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Group that tried to set up homeless camp in Rapid City is facing state, city charges
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Group that tried to set up homeless camp in Rapid City is facing state, city charges

Creek Patrol

A #LandBack flag stands by the entrance to Camp Mniluzahan. 

Six people are facing city and state charges for allegedly setting up a Rapid City homeless camp without the proper requirements and then obstructing and/or resisting being arrested after refusing to leave.

“Just because (the land is) owned by the city doesn’t mean that the public can do whatever they want on that property or that they own it,” City Attorney Joel Landeen said Tuesday. “You can’t just do stuff without permission … On some level it's common sense, you can’t just start setting up structures on city land without permission, as a general rule.”

Supporters say they are being criminalized for helping people, and that law enforcement and the courts don’t have jurisdiction since the group was on land that was stolen by the U.S. government after being promised to the Lakota people in now-broken treaties.

The group of six were “remaining in ceremony in an act of defiance against ongoing settler-state violence towards unsheltered relatives,” Camp Mniluzahan and Creek Patrol posted on its social media outlets. “These charges hold no validity on stolen land. This is Oceti Sakowin territory. We are caring for our relatives on our homelands.”

Daniel Yazzie, Mark Tilsen Jr., Hermus Bettelyoun, James Pipe On Head, Mary Frooman and Carrie Middletent were all charged by the Pennington County State’s Attorney Office with obstructing police officers. Tilsen, Frooman and Middletent were also charged with resisting arrest.

All six were later charged by the Rapid City Attorney’s Office with breaking three Rapid City codes related to trespassing and failing to obtain permits for special events and structures in flood plain zones.

The state’s attorney deputized the city attorney’s office to handle both cases, Landeen said. The obstruction and resisting charges each carry a punishment of up to one year in jail, and each code violation can be punished by up to 30 days in jail.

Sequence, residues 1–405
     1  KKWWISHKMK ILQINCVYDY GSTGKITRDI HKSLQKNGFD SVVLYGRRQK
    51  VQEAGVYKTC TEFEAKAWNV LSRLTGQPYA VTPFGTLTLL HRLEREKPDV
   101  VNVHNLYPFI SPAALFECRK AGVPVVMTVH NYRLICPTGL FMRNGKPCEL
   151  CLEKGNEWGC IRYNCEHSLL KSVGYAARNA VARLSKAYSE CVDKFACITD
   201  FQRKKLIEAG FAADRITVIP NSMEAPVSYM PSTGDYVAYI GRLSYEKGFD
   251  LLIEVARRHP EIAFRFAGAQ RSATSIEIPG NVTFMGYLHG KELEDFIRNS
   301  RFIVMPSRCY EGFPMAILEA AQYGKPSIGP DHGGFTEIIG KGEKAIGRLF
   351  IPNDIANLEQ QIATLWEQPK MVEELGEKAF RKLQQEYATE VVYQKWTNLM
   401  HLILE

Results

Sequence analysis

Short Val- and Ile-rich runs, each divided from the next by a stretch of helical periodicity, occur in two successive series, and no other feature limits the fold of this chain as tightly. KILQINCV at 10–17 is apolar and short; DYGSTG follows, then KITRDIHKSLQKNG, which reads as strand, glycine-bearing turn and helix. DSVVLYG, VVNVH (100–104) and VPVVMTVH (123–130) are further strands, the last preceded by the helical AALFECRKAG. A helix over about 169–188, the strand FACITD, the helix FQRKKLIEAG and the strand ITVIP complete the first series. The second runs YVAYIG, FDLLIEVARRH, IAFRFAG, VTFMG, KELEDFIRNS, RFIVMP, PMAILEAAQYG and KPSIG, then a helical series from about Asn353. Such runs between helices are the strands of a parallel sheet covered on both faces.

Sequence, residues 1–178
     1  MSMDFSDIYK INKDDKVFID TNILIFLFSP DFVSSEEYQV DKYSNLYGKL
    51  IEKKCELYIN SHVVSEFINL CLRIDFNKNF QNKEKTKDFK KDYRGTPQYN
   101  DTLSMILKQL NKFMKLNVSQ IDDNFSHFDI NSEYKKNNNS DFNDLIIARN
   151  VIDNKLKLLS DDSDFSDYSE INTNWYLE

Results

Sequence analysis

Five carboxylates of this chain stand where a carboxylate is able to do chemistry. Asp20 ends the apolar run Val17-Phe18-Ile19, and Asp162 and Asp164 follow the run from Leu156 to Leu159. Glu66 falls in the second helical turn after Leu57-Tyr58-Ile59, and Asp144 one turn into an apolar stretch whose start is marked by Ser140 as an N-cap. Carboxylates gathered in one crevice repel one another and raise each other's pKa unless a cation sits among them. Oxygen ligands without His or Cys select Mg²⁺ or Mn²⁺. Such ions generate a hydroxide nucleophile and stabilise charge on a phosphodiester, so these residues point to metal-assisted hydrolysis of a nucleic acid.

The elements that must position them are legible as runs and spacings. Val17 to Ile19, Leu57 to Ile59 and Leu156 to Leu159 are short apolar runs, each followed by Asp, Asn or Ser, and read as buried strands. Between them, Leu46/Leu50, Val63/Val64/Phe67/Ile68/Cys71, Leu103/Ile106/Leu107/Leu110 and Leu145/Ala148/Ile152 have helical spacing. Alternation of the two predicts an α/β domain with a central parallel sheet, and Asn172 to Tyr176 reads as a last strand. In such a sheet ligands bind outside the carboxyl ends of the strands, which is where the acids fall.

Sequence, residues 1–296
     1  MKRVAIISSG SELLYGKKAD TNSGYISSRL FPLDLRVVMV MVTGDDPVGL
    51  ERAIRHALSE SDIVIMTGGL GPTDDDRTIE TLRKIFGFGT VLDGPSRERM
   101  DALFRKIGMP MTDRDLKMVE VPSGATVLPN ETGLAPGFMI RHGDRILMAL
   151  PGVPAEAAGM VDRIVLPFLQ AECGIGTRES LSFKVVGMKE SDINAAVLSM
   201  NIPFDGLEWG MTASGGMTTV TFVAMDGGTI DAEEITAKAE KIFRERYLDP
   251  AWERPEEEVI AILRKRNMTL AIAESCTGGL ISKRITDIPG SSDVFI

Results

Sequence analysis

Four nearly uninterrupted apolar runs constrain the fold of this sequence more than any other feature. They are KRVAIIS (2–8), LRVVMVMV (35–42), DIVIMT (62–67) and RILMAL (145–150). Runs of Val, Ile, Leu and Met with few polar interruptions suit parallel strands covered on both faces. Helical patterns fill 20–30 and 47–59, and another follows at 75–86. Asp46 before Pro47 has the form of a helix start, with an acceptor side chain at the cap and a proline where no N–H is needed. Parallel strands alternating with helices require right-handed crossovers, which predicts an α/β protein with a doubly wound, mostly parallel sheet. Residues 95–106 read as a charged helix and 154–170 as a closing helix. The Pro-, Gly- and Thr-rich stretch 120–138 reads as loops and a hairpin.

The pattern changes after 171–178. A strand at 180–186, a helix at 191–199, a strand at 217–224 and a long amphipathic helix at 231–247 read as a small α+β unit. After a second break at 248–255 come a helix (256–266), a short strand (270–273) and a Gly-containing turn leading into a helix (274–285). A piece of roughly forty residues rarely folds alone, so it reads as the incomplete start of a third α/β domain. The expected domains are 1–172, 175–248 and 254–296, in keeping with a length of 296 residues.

Landen said the city charges are “related to the legality of their occupancy of the area in the first place, setting up the camp in the first place,” while the state charges are related to the “action of the defendants after they had been asked to leave and refused to do so.”

The arrests and charges stem from an Oct. 16 Lakota-led attempt to create the Camp Mniluzahan winter homeless camp on Rapid City-owned land near the intersection of Lacrosse and Centre streets. The six people were arrested and released from jail early the next morning.

Creek Patrol then successfully set up Camp Mniluzahan on tribal land just outside the boundaries of western Rapid City on Oct. 18. The camp has been operating ever since, providing food and shelter in the form of tipis and large army-style tents.

The six people, all or most of whom are regular volunteers at the camp, declined to comment during a court hearing on Tuesday. Creek Patrol and camp volunteers have declined requests to be interviewed about the need for the patrol and camp — what they provide that the city and nonprofits don’t — how the camp is connected to the Land Back movement, and the day-to-day operations of the camp.

Police reports

The police reports shed light on the alleged actions of the six people and response from law enforcement.

At least 19 officers responded to the camp by arriving at the tipis or working from behind the scenes, according to the reports.

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An officer wrote that he was contacted by his supervisors as the tipis were being set up around 4:30 p.m. on Oct. 16. He said he arrived on scene and saw Captain James Johns telling the group to take down the tipis.